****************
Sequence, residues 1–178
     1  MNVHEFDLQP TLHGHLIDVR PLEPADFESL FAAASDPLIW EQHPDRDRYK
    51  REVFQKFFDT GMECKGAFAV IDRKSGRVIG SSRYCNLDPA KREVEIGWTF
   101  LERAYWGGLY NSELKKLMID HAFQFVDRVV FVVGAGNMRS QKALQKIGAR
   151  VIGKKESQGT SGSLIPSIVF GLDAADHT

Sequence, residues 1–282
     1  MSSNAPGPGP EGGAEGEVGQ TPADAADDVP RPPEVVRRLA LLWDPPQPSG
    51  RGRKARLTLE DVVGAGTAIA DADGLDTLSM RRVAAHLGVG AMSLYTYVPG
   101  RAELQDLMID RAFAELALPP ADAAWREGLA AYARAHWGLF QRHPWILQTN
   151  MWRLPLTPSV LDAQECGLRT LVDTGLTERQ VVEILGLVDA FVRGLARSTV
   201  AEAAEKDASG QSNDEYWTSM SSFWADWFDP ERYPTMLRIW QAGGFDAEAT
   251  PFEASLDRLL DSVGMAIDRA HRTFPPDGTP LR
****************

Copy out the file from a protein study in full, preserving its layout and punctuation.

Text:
Sequence, residues 1–178
     1  MNVHEFDLQP TLHGHLIDVR PLEPADFESL FAAASDPLIW EQHPDRDRYK
    51  REVFQKFFDT GMECKGAFAV IDRKSGRVIG SSRYCNLDPA KREVEIGWTF
   101  LERAYWGGLY NSELKKLMID HAFQFVDRVV FVVGAGNMRS QKALQKIGAR
   151  VIGKKESQGT SGSLIPSIVF GLDAADHT

Sequence, residues 1–282
     1  MSSNAPGPGP EGGAEGEVGQ TPADAADDVP RPPEVVRRLA LLWDPPQPSG
    51  RGRKARLTLE DVVGAGTAIA DADGLDTLSM RRVAAHLGVG AMSLYTYVPG
   101  RAELQDLMID RAFAELALPP ADAAWREGLA AYARAHWGLF QRHPWILQTN
   151  MWRLPLTPSV LDAQECGLRT LVDTGLTERQ VVEILGLVDA FVRGLARSTV
   201  AEAAEKDASG QSNDEYWTSM SSFWADWFDP ERYPTMLRIW QAGGFDAEAT
   251  PFEASLDRLL DSVGMAIDRA HRTFPPDGTP LR